Eighth Blackbird Presents Genre-Defying Head Scratcher at Harris

I’m a big fan of classical music’s great and powerful dead guys (e.g., Mozart, Beethoven); but that’s just it: they’re dead. Giving feedback is kind of a challenge. So when eighth blackbird, the decorated contemporary-classical sextet, brings a freshly composed piece to Chicago…

Photo of Eight Blackbird, performing at the Harris Theater
Rinde Eckert (center) holds down the whirlwind of ambiguous multimedia action in eighth blackbird’s latest.

 

Even they have called it “weird.”

NEW CLASSICAL I’m a big fan of classical music’s great and powerful dead guys (e.g., Mozart, Beethoven), but that’s just it: they’re dead. Giving feedback is kind of a challenge. So when eighth blackbird, the decorated contemporary-classical sextet, brings a freshly composed piece to Chicago—performed last night at the Harris Theater—you’d think people would be there to see history in the making, either to scream accolades or throw some cabbages. Not so much. Perhaps the poor attendance had to do with marketing—as in, no one knew how the heck to describe and promote Slide, an ambiguous multimedia piece commissioned for the group by the composer Steven Mackey and the actor-singer Rinde Eckert.

“Song cycle? Play? Opera?” the program notes ask. Beats me. Eckert plays Renard, a psychologist describing a past experiment in which his subjects played “name that object” with out-of-focus slides. Somewhere in between Eckert’s falsetto singing and his arms flailing a la Michael Stipe in the “Losing My Religion” video, the audience can devise that Renard is lonely after some dame jilted him at the altar. The rest I had trouble figuring out, which I attribute to the bountiful poetic license taken and a lack of subtitles. If pressed, I’d say it was a mixture of performance art and a Talking Heads video—with some crunchy electric guitar and gong thrown in. The ‘birds premiered this piece at the Ojai Music Festival last June to mixed reviews, and at the time, it was (and still is) a work in progress.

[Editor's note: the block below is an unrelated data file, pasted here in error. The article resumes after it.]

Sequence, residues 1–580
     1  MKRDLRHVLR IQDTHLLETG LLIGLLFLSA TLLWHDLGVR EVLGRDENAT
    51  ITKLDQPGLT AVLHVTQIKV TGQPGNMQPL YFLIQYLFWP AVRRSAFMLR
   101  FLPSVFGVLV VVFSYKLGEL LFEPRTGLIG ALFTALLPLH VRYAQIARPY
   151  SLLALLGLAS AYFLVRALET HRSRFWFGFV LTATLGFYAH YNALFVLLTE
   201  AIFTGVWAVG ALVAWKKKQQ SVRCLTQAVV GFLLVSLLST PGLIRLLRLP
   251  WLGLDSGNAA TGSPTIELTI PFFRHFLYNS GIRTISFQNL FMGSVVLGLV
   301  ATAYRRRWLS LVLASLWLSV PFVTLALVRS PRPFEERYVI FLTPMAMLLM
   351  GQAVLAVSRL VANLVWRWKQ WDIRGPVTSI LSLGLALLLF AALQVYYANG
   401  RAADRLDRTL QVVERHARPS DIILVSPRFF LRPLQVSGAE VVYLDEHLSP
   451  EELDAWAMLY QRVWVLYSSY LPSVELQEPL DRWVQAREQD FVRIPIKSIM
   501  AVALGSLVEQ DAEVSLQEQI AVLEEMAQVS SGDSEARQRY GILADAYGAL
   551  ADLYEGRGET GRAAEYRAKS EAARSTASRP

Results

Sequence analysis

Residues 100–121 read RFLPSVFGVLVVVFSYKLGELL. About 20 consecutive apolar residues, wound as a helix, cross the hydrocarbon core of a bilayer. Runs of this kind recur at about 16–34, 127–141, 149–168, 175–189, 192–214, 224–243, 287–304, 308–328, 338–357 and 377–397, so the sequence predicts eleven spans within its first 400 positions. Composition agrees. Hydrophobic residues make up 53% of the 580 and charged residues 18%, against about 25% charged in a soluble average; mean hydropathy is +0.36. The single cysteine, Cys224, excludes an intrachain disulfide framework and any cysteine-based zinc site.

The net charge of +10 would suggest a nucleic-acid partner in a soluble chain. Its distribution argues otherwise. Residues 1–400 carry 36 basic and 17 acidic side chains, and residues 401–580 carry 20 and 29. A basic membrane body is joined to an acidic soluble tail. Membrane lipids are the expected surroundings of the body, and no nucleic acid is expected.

But malleability is a beautiful thing. Although there are no more scheduled performances here, perhaps ten years from now Chicagoans will see Slide again, and the direction will be completely different. Maybe it’ll even make sense—not because the piece has changed, but because we’ve changed as musical consumers.


WHAT CRITICS THOUGHT OF SLIDE, LAST YEAR AND NOW
  • The Los Angeles Times review by Mark Swed, 6/15/09:
    “[Mackey] doesn’t completely manage the merger of raw rock and cooked classicism in Slide, but the stylistic sliding is nonetheless powerful and impressive. Unfortunately, he saddled himself with a sophomoric theatrical concept—a lonely psychologist who studies how people interpret images seen in and out of focus. This mirrors his own soft-focus life.”
  • The Santa Barbara Independent review by Charles Donelan, 6/17/09:
    “Eckert, who was also the librettist for Slide, has to be one of the most exciting figures in music today. His acting is great, his singing is extraordinary, and he commands the stage, expressing an encyclopedic range of feelings and ideas.”
  • The Wall Street Journal review by David Mermelstein, 6/24/09:
    “Though not advertised as such, Slide is clearly still a work-in-progress, with a surfeit of loosely assembled dramatic gestures and a patchwork score that often sounds recycled.”
  • The review by Evan Kuchar at the Beyond Words blog, 3/24/10:
    “Ultimately, Slide works because these various forces come together in a cohesive mix of styles to tell a moving story that is equal parts narrative and non-linear. It is one of the few pieces I’ve seen recently that I would not only see again but bring friends.”

 

Photograph: Robert Millard

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